Barley revenue for 2019, at $253 million, was up 17 percent, with the average barley price up by 4 percent. Idaho’s 2019 wheat revenue, at $516 million, was down by 1 percent. Eborn said Idaho grain farmers received an extra $47 million during 2019 in federal payments through the Market Facilitation Program, created by the Trump Administration to offset lost exports due to international trade challenges.
“Government payments (to Idaho) were up 22 percent, mainly because of that,” Eborn said. “If you look at export numbers, they really didn’t go down and we still got the payments.”
The state’s hay cash receipts were down by 4 percent, at $404 million. Idaho’s hay production was down by 9 percent, but prices were up by 8 percent.
Idaho’s $46 million in 2019 revenue from dry beans dropped by 39 percent, with growers harvesting 69 percent fewer acres and prices down by 15 percent, compared with 2018.
Both Rick Naerebout, CEO of Idaho Dairymen’s Association, said the strong year for dairy came in the nick of time for many producers.
“It was much needed after a four-year run of losses,” Naerebout said. “I think definitely the positive margins are going to help some of those dairies that were on the cusp of having to make a tough decision to continue their family operations.”
Naerebout said milk income was especially strong during the fourth quarter of the year — especially with cheese prices. He said production challenges elsewhere in the country helped strengthen barrel cheese prices during October and November. Glanbia Cheese makes a lot of barrels in Idaho, so local dairymen benefited, he said. Prices have dropped closer to the break-even point in recent weeks, he said.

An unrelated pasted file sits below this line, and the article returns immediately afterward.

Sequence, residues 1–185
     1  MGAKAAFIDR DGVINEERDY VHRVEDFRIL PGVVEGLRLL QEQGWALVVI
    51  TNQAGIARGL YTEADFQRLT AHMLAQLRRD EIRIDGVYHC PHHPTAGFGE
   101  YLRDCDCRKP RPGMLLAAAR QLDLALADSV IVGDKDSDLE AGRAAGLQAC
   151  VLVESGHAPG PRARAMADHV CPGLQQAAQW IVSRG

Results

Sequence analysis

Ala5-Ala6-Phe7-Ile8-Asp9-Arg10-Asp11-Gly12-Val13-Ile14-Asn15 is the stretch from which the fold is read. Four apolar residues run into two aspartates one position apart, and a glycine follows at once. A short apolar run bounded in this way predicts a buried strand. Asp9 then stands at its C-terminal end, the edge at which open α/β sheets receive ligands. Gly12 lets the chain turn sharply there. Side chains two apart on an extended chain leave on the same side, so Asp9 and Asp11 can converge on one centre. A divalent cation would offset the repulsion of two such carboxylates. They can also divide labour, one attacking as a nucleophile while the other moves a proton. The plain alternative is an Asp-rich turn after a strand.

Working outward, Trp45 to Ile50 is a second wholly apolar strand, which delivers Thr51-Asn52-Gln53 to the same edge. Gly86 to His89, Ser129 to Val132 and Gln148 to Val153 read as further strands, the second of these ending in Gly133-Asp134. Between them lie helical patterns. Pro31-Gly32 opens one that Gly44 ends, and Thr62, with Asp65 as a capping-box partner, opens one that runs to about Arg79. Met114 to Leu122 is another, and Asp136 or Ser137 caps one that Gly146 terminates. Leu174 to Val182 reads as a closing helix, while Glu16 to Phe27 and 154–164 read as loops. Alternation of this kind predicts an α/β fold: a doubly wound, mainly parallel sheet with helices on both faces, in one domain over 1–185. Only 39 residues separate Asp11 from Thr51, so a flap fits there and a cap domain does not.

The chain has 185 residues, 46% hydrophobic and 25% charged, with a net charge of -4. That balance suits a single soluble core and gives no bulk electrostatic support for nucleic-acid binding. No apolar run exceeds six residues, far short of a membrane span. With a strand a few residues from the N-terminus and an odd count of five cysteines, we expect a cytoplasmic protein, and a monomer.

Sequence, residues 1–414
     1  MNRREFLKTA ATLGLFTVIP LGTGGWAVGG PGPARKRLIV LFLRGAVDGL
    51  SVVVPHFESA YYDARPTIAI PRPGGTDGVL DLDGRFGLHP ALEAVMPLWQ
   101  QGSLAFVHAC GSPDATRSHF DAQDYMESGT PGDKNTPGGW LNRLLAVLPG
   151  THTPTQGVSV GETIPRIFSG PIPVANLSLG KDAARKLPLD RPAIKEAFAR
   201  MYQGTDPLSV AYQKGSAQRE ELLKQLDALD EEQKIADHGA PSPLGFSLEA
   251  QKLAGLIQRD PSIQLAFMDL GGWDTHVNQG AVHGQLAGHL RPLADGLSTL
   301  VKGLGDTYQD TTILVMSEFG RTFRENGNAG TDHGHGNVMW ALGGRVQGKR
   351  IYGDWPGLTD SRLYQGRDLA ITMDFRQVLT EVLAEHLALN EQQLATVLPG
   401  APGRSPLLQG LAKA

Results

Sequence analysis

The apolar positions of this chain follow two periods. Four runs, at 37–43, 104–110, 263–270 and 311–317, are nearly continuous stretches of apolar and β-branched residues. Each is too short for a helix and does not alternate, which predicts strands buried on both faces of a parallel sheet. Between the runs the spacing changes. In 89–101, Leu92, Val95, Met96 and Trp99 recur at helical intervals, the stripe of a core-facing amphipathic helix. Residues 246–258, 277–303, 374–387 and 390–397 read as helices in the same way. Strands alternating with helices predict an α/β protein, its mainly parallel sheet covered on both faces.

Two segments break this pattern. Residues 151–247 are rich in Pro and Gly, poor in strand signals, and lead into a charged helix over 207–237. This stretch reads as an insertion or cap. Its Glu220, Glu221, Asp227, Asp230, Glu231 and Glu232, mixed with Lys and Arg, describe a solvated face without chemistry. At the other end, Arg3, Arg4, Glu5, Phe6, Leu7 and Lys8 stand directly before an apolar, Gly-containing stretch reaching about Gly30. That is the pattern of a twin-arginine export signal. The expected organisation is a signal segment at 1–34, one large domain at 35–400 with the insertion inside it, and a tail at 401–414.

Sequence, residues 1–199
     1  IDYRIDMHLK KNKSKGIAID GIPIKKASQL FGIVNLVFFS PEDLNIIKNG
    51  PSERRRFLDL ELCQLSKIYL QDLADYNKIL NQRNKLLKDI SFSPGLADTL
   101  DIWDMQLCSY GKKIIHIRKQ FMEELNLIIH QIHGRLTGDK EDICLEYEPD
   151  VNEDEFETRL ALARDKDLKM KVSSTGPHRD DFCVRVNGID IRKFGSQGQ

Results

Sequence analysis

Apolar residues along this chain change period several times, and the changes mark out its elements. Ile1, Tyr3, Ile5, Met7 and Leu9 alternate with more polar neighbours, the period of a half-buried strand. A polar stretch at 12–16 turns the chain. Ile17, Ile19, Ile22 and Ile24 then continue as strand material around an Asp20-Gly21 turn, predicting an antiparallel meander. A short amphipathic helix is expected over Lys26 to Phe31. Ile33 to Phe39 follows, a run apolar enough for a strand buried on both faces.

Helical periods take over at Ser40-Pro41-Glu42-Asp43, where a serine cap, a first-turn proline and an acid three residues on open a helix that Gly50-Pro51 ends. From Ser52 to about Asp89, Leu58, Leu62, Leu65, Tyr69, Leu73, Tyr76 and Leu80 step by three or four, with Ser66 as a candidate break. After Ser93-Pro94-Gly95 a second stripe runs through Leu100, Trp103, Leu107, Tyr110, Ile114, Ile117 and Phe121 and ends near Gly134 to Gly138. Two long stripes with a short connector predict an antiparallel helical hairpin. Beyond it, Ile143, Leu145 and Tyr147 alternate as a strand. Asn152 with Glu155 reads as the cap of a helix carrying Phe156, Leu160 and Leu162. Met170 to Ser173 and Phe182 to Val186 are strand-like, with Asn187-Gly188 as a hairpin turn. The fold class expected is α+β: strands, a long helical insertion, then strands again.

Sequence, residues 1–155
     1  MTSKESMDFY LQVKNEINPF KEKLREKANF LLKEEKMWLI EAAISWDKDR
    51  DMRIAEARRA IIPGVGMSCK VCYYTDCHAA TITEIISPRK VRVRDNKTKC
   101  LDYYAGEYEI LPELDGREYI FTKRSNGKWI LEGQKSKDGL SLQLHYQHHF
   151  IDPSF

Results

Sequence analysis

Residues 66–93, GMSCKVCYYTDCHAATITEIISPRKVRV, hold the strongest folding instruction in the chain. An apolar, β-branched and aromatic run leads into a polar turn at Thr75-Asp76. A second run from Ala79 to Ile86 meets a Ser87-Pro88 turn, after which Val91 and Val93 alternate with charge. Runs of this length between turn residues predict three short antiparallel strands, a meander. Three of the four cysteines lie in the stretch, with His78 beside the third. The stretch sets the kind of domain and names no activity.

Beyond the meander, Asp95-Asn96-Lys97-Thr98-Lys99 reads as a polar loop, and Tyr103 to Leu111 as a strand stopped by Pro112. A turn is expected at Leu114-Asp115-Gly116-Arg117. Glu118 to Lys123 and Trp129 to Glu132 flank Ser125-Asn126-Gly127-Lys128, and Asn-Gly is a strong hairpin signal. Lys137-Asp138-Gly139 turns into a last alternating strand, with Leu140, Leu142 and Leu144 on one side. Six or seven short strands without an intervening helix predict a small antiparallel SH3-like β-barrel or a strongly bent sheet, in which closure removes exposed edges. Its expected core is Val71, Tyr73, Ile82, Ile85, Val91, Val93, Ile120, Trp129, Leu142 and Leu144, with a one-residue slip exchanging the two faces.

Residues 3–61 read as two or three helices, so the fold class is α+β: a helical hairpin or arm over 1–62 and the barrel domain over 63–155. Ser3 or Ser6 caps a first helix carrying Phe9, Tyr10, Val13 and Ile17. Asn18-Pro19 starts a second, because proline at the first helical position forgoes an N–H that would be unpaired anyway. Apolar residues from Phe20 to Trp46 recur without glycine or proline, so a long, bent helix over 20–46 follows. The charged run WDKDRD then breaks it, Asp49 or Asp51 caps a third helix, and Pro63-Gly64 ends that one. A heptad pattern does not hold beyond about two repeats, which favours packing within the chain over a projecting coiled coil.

Idaho Falls farmer Marc Thiel — who grows crops including malt barley, potatoes for the fresh market and hay and also raises cattle — said 2019 was a good year and “the potatoes will definitely carry the weight.”
“The (potato) market is great,” Thiel said. “There should be a good base under the market all year.”
Thiel said his hay and barley crops brought in slightly more revenue than his break-even point.
According to the report, Idaho’s 2019 farm cash receipts, at $8.3 billion, are up 10 percent from the prior year and are just 6 percent shy of the record set in 2014, which was $8.8 billion.